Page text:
There are a number of Passeriformes (perching birds) called "warblers". They are not particularly closely related, but share some characteristics, such as being fairly small, vocal and insectivorous. They are mostly brownish or dull greenish in color. They tend to be more easily heard than seen. Identification can be difficult and may be made on the basis of song alone. To English-speaking Europeans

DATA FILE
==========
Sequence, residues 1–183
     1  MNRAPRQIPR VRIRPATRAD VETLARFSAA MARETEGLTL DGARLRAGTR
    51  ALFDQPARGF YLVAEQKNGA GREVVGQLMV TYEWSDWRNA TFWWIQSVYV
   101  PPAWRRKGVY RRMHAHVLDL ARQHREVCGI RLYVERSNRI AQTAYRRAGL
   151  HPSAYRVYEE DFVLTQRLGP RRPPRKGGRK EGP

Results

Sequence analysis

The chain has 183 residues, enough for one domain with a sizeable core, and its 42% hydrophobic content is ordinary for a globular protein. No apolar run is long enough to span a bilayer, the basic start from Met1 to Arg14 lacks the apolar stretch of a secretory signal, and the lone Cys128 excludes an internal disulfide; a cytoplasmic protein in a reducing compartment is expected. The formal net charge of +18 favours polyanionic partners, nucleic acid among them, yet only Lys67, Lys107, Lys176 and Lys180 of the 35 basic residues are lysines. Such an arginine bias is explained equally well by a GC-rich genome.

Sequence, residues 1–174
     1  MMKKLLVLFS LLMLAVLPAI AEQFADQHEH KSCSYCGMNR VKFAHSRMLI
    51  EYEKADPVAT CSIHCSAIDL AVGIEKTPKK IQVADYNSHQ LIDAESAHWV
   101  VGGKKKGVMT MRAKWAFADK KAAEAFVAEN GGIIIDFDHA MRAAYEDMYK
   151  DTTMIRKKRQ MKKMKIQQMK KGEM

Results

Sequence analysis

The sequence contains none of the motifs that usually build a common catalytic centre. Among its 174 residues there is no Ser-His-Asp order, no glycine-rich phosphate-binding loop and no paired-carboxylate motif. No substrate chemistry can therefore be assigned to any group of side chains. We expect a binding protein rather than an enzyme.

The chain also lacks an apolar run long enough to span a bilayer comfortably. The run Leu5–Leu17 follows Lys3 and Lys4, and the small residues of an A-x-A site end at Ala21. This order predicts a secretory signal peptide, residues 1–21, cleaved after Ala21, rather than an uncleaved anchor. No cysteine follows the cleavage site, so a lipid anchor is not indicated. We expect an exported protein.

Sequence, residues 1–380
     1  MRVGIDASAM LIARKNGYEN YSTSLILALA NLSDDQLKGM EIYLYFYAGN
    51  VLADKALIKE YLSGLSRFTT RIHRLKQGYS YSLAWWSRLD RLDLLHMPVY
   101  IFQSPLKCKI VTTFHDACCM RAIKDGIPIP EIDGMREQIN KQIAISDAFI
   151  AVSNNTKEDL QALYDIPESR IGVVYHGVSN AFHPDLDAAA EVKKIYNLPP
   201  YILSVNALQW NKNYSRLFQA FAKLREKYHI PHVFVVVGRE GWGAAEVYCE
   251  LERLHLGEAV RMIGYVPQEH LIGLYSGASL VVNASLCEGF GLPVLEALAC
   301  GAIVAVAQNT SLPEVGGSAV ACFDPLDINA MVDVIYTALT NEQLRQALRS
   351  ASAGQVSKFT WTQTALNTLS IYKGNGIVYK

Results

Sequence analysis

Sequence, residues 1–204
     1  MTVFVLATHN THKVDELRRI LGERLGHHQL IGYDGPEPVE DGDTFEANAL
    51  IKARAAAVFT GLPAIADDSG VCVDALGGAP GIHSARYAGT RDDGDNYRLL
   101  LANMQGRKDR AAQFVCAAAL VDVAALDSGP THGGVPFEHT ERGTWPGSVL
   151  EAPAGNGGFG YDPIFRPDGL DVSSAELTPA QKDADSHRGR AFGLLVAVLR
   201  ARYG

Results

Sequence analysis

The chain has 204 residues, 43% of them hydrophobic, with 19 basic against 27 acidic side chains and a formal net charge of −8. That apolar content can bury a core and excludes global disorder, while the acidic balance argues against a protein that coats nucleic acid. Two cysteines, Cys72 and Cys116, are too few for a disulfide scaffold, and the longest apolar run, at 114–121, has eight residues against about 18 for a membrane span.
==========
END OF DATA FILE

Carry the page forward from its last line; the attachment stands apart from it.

The grass-warblers are small passerine birds belonging to the genus Locustella. Formerly placed in the paraphyletic "Old World warbler" assemblage, they are now considered the northernmost representatives of a largely Gondwanan family, the Megaluridae. These are rather drab brownish "warblers" usually associated with fairly open grassland, shrubs or marshes. Some are streaked, others plain, all are difficult to view. They are insectivorous. The most characteristic feature of this group is that the song of several species is a mechanical insect-like reeling which gives rise to the group's scientific name. Species breeding in temperate regions are strongly migratory.